45. Maslin BR, Miller JT, Seigler DS (2003) Overview of the generic status of Acacia (Leguminosae: Mimosoideae). Aus Syst Bot 16:1–18

  46. Mishra A, Chaudhary N (2010) Study of povidone iodine loaded hydrogels as wound dressing material. Trends Biomater Artif Organs 23:122–128

  47. Nwomeh BC, Liang HX, Diegelmann RF, Cohen IK, Yager DR (1998) Dynamics of the matrix metalloproteinases MMP-1 and MMP-8 in acute open human dermal wounds. Wound Repair Regen 6:127–134

  48. Oyaizu M (1986) Studies on products of browning reaction: antioxidative activities of products of browning reaction prepared from glucosamine. Jpn J Nutr 44:307–315

  49. Parwani L, Bhatnagar M, Bhatnagar A, Sharma V (2012) Reactive oxygen species control by plant biopolymers intended to be used in wound dressings. IJPPS 4:506–510

  50. Qiu Y, Park K (2001) Environment-sensitive hydrogels for drug delivery. Adv Drug Del Rev 53:321–339

  51. Rehman KU, Wingertzahn MA, Teichberg S, Harper RG, Wapnir RA (2003) Gum arabic. (GA) modifies paracellular water and electrolyte transport in the small intestine. Dig Dis Sci 48:755–760

  52. Rezanejade Bardajeea G, Pourjavadi A, Soleymanb R, Sheikh N (2010) Gamma irradiation mediated synthesis of a new superabsorbent hydrogel network based on poly (acrylic acid) grafted onto salep. J Iran Chem Soc 7:652–662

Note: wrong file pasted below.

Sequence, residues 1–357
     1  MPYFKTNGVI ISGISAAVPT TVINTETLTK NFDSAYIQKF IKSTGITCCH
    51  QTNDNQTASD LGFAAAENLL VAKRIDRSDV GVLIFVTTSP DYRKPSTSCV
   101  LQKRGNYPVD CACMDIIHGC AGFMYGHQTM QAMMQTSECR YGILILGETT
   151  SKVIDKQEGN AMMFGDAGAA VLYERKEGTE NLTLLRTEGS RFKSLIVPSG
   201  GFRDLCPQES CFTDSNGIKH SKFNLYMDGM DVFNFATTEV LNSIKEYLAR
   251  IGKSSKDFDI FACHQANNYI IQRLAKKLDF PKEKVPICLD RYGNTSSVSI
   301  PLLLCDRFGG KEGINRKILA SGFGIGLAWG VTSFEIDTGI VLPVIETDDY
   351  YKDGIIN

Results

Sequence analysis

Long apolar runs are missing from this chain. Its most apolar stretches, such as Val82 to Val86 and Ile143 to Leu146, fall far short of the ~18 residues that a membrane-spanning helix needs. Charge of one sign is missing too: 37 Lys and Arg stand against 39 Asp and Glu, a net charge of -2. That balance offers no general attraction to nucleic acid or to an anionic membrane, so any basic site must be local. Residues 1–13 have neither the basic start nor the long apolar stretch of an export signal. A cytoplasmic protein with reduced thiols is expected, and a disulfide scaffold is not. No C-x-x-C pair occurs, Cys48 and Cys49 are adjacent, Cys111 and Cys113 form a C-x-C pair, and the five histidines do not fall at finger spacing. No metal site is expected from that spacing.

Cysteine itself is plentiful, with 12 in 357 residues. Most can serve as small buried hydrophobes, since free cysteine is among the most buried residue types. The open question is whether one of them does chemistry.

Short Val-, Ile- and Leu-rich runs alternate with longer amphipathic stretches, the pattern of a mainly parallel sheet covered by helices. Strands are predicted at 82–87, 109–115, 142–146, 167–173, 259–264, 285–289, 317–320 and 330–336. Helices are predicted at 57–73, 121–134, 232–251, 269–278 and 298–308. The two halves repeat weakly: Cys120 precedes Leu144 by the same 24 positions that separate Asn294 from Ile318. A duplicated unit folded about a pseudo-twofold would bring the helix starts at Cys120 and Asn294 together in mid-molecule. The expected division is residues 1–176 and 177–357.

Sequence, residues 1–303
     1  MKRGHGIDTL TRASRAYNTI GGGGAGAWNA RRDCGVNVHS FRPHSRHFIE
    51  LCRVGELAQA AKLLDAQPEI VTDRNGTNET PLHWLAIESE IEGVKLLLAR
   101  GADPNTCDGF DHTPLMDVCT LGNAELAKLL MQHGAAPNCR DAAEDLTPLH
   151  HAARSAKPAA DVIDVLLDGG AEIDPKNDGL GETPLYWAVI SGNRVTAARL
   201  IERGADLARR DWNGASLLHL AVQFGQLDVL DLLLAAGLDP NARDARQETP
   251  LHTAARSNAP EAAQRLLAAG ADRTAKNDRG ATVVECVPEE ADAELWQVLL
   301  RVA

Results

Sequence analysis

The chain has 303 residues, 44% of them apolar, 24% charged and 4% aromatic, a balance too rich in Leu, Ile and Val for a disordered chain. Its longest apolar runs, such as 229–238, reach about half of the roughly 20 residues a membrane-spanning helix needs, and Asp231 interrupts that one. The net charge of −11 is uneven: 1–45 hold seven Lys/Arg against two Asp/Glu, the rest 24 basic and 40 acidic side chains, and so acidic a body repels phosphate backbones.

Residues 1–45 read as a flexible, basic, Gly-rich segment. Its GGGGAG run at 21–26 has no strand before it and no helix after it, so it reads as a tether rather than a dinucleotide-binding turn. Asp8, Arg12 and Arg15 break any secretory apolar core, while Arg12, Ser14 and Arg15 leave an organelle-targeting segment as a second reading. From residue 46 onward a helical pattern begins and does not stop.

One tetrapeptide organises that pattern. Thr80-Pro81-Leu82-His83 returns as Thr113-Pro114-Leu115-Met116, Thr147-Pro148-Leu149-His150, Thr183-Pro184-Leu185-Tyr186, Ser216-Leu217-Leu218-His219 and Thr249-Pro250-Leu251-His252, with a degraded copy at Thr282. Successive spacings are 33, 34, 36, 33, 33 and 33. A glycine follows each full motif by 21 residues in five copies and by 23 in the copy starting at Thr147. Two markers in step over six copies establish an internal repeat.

53. Sadeghi M, Hosseinzadeh H (2008) Synthesis and swelling behavior of starch-poly (sodium acrylate-co-acrylamide) superabsorbent hydrogel. Turk J Chem 32:375–388

  54. Sadeghi M, Hosseinzadeh H (2011) Synthesis and properties of biopolymer based on gelatin-G-poly (sodium acrylate-co-acrylamide) for cephalexin controlled release. Turk J Biochem 36:334–341

  55. Sadeghi M, Ghasemi N, Kazemi M, Soleimani F (2012) Synthesis, swelling behavior, salt and pH sensitivity of cross linked carrageenan-graft-poly (acrylamide-co-itaconic acid) superabsorbent hydrogel. Middle-East J Sci Res 11:311–317

  56. Sedlarik V, Saha N, Sedlarikova J, Saha P (2008) Biodegradation of blown films based on poly (lactic acid) under natural conditions. Macromol Symp 272:100–103

  57. Segal L, Creely JJ, Martin AE Jr, Conrad CM (1962) An empirical method for estimating the degree of crystallinity of native cellulose using the X-ray diffractometer. Text Res J 29:786–794

  58. Simon DA, Dix FP, McCollum CN (2004) Management of venous leg ulcers. Br Med J 328:1358–1362

  59. Singh B, Sharma S, Dhiman A (2013) Design of antibiotic containing hydrogel wound dressings: biomedical properties and histological study of wound healing. Int J Pharm 45:782–791